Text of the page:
partners. The next
time Gary came around, he greeted Kathleen
with a whisper.
right. It is a long drive. I drove 50 miles to be
here today. 100 miles round trip.
I must be crazy."
Kathleen thought that was
an odd thing to say. She was working on
a reply, but
Gary had moved on to the next partner before she could
respond. However, the next time Gary came around,
Kathleen was ready.
"Gary, why did you drive so
far for something as trivial as a dance class?"
"Because my wife was
killed in a head-on collision, my daughters cry
all the time, and so do I. But I have to pick up
the pieces of my life somehow!"
blew Kathleen out of the water. Kathleen's eyes bulged at
that disclosure and she was speechless.
Time to switch
Ten minutes later, Gary
rotated back. Kathleen was still in shock from
Gary's previous remark, but also very curious. She
asked why Gary had told her such personal
"Heck, I gotta tell
someone. I can't stand it
hate my life. I am miserable!"
walked to the next woman, Kathleen was again
speechless. She couldn't believe they were
having this conversation.
and Gary went back and forth
for two hours. Each time they met, Kathleen had a
new question. For two entire hours, Gary told
Kathleen his recent life story in one and two minute
segments as they rotated through partners.
Then at the end of the class,
Gary hugged her.
"Thank you for listening, Kathleen. I feel
so much better."
A SIMPLE ACT
I swear my mouth dropped at
this strange tale. Tears welled up in my eyes. I had
never heard a more absurd anecdote, but it rang
absolutely true. That poor man. Gary must have been
in so much pain!
I marveled at Kathleen's
story. The quiet help from a total stranger like
Kathleen allowed Gary to share his grief. I don't
know if Sigmund Freud ever recommended doing therapy
while rotating through a circle in a dance class,
but doubtless Kathleen had made a huge difference that day.
Some of the best therapists are just good listeners.
By asking simple questions and caring about the
answers, Kathleen had gotten Gary to talk about his
As Kathleen spoke about
this aspect of Gary's experience at SSQQ, I began to
had been the one who got the ball rolling for Gary's
recovery. I was proud of
Kathleen. Good for her! Furthermore, I
imagined her story was probably just the tip of the iceberg.
I would bet there were ten, maybe twenty other
stories floating around the studio where the
kindness of dance students just like Kathleen had
helped Gary emerge from his darkness.
These would be
simple words of encouragement, words of welcoming,
maybe words of understanding. Maybe
someone shared the story of a similar loss of a
loved one. By
isolated conversation may not
have meant much, but when
multiplied ten or twenty
times, that had
surely made a real
when Kathleen said her conversation had cheered
Gary up immensely. No doubt Gary spent the next week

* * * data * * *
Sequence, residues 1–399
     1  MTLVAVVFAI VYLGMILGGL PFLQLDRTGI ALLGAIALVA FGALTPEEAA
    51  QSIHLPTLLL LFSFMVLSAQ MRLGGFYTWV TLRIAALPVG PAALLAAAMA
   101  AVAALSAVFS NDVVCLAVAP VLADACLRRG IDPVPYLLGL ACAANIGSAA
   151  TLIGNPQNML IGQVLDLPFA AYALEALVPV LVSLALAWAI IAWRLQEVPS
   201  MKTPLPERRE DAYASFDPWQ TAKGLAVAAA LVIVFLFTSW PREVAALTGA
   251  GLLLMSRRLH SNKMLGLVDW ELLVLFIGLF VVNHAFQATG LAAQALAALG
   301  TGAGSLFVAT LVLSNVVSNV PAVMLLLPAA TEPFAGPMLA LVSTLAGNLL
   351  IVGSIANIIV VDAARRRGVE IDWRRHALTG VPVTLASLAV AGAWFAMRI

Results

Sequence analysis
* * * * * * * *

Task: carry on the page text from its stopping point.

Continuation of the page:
looking forward to seeing Kathleen again as well as
some of the other people he had met in the first
class. I imagine from this point on all sorts
of people did
their small part to cast a blanket of warmth
around this troubled, lonely man.
These people offered
kindness from their heart without any prompting.
It did not matter that
their gestures were random and uncoordinated.
I doubt seriously
that one person knew what the next person was doing.
In a manner akin to
the teachers at St. John's who
had once given to me, different people at the
dance studio reached out to Gary
and shared their thoughts with him.
The people at the dance
studio contributed because they wanted to, not
because they expected someone to pat them on the
back. They certainly
did not expect any credit.
They helped because it was the right thing to do.
Individually their efforts
amounted to no more than a few simple words,
but collectively the work they did
had quite an impact. Over
time each person in their own way helped Gary
overcome his pain and regain his happiness.
The funny thing is these people probably didn't have the slightest idea how important
their gestures were to him. For example, MG
Anseman said it wasn't until he read my story that
he realized how important his friendship had been to
he was fortunate to be in a position to help Tracy
as well. MG said that a month after Gary
Schweinle's tragic death, he lost Gary Cheryl
Davis as his assistant. Since MG wasn't all
that sharp on the lady's footwork, he needed a new
her grief, Tracy Schweinle had left the studio.
MG talked to Gary and Cheryl and told them that he
would like to have Tracy help him, but the timing
was probably wrong. Too soon. Much too
soon. Cheryl disagreed. She thought that
it might help her move forward to be around people
doing what had made her husband so happy. So
MG called with great hesitation. Tracy said
that she would think about it. A month passed
and Tracy said she was ready to accept the request.
At first things were very rocky, but time seemed to
work things out. This was yet another example
how the studio and its members helped a wounded
friend find her way back.
Now it finally dawned on
me. It had taken
Kathleen's poignant story to help me see what Gary
had been trying to explain to me all these years.
first act of kindness had provided the spark to
encourage Gary to come back. From there, a
series of small yet important contributions from
people like MG to
help Gary... and yes, Tracy... turn their lives around.
remembered back to the time I thought Gary was
speaking figuratively when he told me SSQQ had saved